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ksmountain View Drop Down
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Direct Link To This Post Topic: Best Boards for Beginners
    Posted: Jul/18/2010 at 6:07pm
In my review of snowboards, lately, I've been pushing the idea that park boards TEND (key word, TEND) to be the best beginner boards for purchase after someone has been on the mountain a couple times.

My reasoning is this--true beginner boards are outgrown really fast and once you outgrow them, you never want to use them. All-Mtn boards tend to be more aggressive, much harder to learn on, etc. You'd get longer value out an All-Mtn board, but that's irrelevant is you end up hating riding because your All-Mtn board is too stiff and catchy. Park boards are easy to turn, manuverable, etc. and when you want to move onto a serious All-Mtn board you still can use your park board as a park board.

This is the approach we used in purchasing my wife's board.

Then again, I'm not an instructor. Heck, on the hierarchy of snowboards, I'm probably about a 3 of out 10--I can ride, I can jump, I can spin some, I can park a little, but I'm light years from pro--double blacks still give me pause (but I'll do it).

So, other takes?
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Direct Link To This Post Posted: Jul/18/2010 at 6:36pm
Not sure what the question is but you kinda hit it on the head.
 
There are very few boards that i wouldnt recommend for a beginner.  Boards like the Custom X come to mind.  Otherwise you can pretty much learn on anything.
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Direct Link To This Post Posted: Jul/18/2010 at 6:39pm
The problem with saying "park boards" is that covers a lot of different boards. Some of the boards would fit well for the reasons you said but there are the other park boards that are super soft and i would tell people to buy unless they know they want to ride park. 
I would say a med soft to med flex boards and a lot of park boards fit in there but other boards do too.
There are some people who are never going to really want a park board, so why buy one to learn on.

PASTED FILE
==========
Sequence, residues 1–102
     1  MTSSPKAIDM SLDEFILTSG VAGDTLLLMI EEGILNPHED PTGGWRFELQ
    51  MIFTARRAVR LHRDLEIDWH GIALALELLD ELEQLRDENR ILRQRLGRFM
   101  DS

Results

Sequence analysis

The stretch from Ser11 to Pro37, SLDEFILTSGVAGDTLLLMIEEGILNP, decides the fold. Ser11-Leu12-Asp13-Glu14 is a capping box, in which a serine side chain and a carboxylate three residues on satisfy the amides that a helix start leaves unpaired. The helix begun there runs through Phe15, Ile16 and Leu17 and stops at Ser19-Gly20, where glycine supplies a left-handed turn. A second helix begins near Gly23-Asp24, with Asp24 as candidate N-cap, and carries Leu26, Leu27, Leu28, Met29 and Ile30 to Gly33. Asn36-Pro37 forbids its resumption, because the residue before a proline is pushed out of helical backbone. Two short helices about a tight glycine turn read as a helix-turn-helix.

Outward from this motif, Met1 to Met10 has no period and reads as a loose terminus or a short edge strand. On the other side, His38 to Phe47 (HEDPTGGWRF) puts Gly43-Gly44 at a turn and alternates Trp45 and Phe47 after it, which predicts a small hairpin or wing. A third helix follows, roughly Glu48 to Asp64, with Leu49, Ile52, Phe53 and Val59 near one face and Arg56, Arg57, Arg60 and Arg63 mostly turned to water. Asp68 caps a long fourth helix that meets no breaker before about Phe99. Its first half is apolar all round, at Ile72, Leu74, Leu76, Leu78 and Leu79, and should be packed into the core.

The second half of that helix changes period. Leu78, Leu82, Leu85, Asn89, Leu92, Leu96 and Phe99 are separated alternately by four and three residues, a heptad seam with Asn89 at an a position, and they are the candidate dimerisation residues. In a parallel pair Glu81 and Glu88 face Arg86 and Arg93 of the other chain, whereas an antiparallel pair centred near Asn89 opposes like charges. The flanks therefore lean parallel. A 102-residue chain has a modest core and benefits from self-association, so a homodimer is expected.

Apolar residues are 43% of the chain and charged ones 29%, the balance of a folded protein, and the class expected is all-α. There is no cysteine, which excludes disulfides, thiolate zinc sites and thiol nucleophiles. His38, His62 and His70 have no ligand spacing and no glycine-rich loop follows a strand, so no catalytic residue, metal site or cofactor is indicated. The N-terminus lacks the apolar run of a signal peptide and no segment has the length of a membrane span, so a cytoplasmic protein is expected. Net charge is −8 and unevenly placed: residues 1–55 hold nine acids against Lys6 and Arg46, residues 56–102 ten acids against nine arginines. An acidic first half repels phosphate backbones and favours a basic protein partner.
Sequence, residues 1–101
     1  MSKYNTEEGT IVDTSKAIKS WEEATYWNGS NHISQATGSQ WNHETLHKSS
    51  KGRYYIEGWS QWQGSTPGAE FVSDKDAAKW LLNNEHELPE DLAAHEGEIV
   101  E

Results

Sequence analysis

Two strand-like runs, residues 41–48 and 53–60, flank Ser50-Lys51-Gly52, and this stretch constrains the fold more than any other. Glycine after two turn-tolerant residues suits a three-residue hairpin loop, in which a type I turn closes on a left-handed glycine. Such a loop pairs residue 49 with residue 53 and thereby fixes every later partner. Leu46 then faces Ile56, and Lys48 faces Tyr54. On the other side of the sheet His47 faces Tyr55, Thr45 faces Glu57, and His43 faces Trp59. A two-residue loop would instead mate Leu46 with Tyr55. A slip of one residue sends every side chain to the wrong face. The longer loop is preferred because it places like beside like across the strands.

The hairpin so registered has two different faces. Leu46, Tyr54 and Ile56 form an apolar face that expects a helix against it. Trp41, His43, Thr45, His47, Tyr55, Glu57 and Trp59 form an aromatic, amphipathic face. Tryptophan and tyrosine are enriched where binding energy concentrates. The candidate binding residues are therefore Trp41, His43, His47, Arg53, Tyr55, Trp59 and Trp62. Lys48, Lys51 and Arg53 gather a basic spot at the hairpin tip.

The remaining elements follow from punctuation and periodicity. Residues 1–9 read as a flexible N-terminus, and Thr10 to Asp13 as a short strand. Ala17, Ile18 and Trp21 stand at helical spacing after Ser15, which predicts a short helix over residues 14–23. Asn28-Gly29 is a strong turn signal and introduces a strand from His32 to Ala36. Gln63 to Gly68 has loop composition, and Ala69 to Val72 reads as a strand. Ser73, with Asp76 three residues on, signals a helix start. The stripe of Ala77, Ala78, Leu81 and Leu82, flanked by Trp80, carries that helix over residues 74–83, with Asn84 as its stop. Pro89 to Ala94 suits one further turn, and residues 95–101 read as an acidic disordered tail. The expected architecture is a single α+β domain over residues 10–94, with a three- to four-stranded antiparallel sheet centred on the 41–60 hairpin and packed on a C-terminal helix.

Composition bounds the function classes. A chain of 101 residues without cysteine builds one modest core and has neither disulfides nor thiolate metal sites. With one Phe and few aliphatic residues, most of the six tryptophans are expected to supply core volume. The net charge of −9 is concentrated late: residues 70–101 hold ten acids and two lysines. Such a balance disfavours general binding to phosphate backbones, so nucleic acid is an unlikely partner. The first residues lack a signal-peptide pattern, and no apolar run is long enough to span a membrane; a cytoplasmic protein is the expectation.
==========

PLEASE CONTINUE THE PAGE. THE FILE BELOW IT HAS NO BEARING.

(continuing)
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Direct Link To This Post Posted: Jul/19/2010 at 11:25am
I think for beginners you'd want a board that is soft, flexy, and not cambered. You want a board that is easy to turn, less likely to catch edges and light. These characteristics describe "park" boards more than any other type of board. So, yeah, ksmountain, I'd agree that park boards are probably the best type of board for a beginner.

I learned to ride on a Burton Social (a beginner board with all park-like characteristics, not sure if its meant for the park) and have now moved on to a Rome Blue, an all-mountain board. As I progressed I found the Social to be too slow and it couldn't handle powder well enough for me to continue with it. It's now my park board, should I ever venture over there.

Hope your wife had a good time on her park board.
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Direct Link To This Post Posted: Jul/19/2010 at 11:33am
Originally posted by knoelle11

I think for beginners you'd want a board that is soft, flexy, and not cambered. You want a board that is easy to turn, less likely to catch edges and light. These characteristics describe "park" boards more than any other type of board. So, yeah, ksmountain, I'd agree that park boards are probably the best type of board for a beginner.

I learned to ride on a Burton Social (a beginner board with all park-like characteristics, not sure if its meant for the park) and have now moved on to a Rome Blue, an all-mountain board. As I progressed I found the Social to be too slow and it couldn't handle powder well enough for me to continue with it. It's now my park board, should I ever venture over there.

Hope your wife had a good time on her park board.

I disagree, I think everyone should learn on Camber....... r-camber develops bad habits.

So, I say any board thats cheap cambered and is the right size for you.
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Direct Link To This Post Posted: Jul/19/2010 at 11:40am
Originally posted by ksmountain

In my review of snowboards, lately, I've been pushing the idea that park boards TEND (key word, TEND) to be the best beginner boards for purchase after someone has been on the mountain a couple times.

My reasoning is this--true beginner boards are outgrown really fast and once you outgrow them, you never want to use them. All-Mtn boards tend to be more aggressive, much harder to learn on, etc. You'd get longer value out an All-Mtn board, but that's irrelevant is you end up hating riding because your All-Mtn board is too stiff and catchy. Park boards are easy to turn, manuverable, etc. and when you want to move onto a serious All-Mtn board you still can use your park board as a park board.

This is the approach we used in purchasing my wife's board.

Then again, I'm not an instructor. Heck, on the hierarchy of snowboards, I'm probably about a 3 of out 10--I can ride, I can jump, I can spin some, I can park a little, but I'm light years from pro--double blacks still give me pause (but I'll do it).

So, other takes?


agree with this completely.  my first year of snowboarding i biught a burton clash.  not knockingthe board or anything, it was easy to learn on....but after about 6-7 days on the mountain i already started to feel like id outgrown it.
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Direct Link To This Post Posted: Jul/19/2010 at 11:49am
I learned on a camber and even with experience on a camber, I couldn't just easily pick up on a reverse camber in an instant.  I think beginners should learn on a camber.
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Direct Link To This Post Posted: Jul/19/2010 at 12:45pm